The just-begun school year on college campuses is threatening an invigorated effort in support of the boycott, divestment and sanctions (BDS) movement. From academic bodies to student groups, agitation is reportedly building – ostensibly in support of the Palestinian cause – to brand Israel as an apartheid state, a colonial power and genocidal. The BDS machine is off and running.
Jewish communal leaders say they were caught off guard by the intensity of the worldwide anti-Semitism and vandalism, particularly in Europe, that accompanied the just-completed Gaza war. And they now fear that the Gaza experience will further embolden the BDS movement, which seeks to give academic imprimatur to blanket boycotts of Israel and strives to make BDS the intellectual and cultural norm on campus.
This year, however, there will be an organized Jewish communal effort on campus to combat the attempt to isolate and stigmatize Israel. Last month, Jewish Federations of North America and Hillel International convened a meeting with representatives of two dozen campus-based organizations to address the issue. Plans include launching training programs to organize college students in support for Israel.
We applaud these efforts and hope that, in addition to strengthening participants’ connections to Israel, they will encourage the presentation of a multiplicity of points of view on campuses – a hallmark of academia, but a weak spot in past initiatives that tended to appear to college students as meddling from the outside instead of empowerment from within.
Pro-Israel activists would do well to consider the case of Steven Salaita, the former Virginia Tech professor of American Indian studies who was offered a tenure-track position at the University of Illinois at Urbana-Champaign. The school rescinded its offer after reviewing some of Salaita’s distinctly unprofessorial tweets, such as “I wish all the f—-ing West Bank settlers would go missing,” which he wrote after three Israeli teens disappeared in June.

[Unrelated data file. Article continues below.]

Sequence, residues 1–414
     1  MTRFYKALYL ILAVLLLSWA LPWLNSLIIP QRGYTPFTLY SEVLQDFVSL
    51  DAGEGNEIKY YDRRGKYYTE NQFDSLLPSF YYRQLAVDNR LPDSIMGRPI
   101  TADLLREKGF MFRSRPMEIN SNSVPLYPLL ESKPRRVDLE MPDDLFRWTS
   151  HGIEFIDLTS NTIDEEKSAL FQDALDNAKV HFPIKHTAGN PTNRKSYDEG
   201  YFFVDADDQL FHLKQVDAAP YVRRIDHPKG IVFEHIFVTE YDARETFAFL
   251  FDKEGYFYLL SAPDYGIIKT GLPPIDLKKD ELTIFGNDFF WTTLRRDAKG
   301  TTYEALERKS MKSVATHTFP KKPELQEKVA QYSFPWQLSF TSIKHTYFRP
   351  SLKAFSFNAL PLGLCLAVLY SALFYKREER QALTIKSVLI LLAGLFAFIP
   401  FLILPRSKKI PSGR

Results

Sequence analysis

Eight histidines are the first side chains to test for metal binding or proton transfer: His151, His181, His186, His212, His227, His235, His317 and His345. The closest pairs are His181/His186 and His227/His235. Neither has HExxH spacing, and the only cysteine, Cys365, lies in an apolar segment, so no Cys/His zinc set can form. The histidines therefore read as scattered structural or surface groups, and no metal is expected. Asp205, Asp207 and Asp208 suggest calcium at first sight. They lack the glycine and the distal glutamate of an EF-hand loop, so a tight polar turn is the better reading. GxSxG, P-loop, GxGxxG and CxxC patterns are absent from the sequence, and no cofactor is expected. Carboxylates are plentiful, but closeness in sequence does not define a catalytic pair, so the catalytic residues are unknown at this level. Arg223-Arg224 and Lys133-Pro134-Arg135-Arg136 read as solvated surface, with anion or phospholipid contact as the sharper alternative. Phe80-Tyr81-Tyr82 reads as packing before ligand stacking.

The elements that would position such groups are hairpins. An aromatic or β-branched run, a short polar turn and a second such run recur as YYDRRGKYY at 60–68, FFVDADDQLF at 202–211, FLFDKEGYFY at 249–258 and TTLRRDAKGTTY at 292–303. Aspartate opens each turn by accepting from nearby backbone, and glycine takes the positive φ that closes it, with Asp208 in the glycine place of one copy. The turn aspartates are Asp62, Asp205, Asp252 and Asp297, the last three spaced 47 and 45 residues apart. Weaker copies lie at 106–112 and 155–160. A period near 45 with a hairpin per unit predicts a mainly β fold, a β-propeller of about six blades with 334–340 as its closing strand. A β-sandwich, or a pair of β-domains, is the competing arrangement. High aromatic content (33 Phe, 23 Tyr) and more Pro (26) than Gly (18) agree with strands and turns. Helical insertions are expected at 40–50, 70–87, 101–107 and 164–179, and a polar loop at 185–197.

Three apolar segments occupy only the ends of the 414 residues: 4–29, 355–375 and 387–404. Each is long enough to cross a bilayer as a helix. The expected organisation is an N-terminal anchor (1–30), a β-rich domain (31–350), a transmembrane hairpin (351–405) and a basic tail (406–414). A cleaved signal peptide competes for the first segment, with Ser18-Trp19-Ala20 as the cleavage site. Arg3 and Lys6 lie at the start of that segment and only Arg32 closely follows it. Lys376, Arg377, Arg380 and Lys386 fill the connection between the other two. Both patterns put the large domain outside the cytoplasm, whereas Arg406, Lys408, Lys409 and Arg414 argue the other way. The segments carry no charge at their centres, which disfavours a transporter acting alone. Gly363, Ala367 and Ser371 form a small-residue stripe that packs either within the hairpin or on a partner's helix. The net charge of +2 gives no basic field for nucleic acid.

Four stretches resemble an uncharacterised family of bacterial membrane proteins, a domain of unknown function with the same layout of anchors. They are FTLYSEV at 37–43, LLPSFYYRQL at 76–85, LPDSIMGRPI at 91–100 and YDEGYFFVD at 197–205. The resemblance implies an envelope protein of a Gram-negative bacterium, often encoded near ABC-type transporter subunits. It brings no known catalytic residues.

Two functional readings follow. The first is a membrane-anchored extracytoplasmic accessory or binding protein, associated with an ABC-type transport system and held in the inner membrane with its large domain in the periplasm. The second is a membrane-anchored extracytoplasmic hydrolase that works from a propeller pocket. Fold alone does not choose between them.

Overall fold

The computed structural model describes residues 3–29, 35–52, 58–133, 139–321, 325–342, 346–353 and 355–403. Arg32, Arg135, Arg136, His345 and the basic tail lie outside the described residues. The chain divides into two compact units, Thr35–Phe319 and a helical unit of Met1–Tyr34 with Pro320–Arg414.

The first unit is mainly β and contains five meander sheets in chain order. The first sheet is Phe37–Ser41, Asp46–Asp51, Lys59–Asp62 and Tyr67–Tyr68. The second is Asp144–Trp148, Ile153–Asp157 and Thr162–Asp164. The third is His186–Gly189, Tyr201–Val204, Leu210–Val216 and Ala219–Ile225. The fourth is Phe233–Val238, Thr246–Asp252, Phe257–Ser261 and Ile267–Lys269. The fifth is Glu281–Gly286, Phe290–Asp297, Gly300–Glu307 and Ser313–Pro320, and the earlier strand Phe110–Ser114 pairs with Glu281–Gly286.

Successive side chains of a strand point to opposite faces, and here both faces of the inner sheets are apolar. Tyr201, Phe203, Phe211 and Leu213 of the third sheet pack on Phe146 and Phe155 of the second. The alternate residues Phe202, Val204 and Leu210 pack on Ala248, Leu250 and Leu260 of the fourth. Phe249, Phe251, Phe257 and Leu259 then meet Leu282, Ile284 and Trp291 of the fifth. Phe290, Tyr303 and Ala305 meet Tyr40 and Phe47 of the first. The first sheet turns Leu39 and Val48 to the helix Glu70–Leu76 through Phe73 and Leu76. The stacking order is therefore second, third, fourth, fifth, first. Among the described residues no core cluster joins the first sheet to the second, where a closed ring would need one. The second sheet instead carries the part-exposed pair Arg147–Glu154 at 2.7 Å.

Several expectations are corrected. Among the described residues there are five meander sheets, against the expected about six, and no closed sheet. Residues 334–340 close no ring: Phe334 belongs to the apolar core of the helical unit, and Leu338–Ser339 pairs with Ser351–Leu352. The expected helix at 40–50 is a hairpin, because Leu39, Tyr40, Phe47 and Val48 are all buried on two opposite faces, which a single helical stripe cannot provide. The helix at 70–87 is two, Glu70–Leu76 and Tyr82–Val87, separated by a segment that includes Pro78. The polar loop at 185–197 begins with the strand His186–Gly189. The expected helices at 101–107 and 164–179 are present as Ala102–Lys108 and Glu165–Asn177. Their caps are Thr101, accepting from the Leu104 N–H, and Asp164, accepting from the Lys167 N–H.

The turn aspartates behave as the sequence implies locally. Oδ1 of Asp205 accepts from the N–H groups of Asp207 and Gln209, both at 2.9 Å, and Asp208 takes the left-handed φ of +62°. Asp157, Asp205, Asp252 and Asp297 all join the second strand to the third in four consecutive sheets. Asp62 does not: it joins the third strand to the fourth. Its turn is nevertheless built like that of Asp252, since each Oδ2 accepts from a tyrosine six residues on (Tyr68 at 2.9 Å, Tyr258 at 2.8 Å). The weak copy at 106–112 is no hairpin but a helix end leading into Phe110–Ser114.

Salaita is unabashedly pro-BDS and even published in May a pamphlet called “How to practice BDS in academe.” In it, he seems not so concerned about the Palestinians, who most agree deserve a state of their own, as he is with “imperialism, military violence, corporate malfeasance and neoliberalism” as well as with “forces of repression, corporatism, conformity and inequality.”
As the Jewish community prepares to respond to these Israel bashers, it would be wise to try to distinguish those, such as Salaita, who fundamentally wish Israel ill, from those who support Israel, but have misgivings against particular Israeli policies. As it stands right now, many of the latter choose to identify with BDS because they only see the extremes in the debate as options.
By focusing on how the arguments should be presented, with respect to the nuanced issues involved, the new campus effort should enable the pro-Israel camp to make its points with
persuasion, sensitivity and success. Those promoting this initiative are involved in important work. We wish them well.